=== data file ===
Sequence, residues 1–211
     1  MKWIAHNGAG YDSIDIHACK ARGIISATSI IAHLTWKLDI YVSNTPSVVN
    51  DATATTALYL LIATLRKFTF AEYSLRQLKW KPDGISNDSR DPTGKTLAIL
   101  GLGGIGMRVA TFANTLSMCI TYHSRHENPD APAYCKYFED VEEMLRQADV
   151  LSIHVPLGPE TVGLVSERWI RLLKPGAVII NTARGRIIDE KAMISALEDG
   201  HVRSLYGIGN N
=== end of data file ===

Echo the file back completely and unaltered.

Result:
Sequence, residues 1–211
     1  MKWIAHNGAG YDSIDIHACK ARGIISATSI IAHLTWKLDI YVSNTPSVVN
    51  DATATTALYL LIATLRKFTF AEYSLRQLKW KPDGISNDSR DPTGKTLAIL
   101  GLGGIGMRVA TFANTLSMCI TYHSRHENPD APAYCKYFED VEEMLRQADV
   151  LSIHVPLGPE TVGLVSERWI RLLKPGAVII NTARGRIIDE KAMISALEDG
   201  HVRSLYGIGN N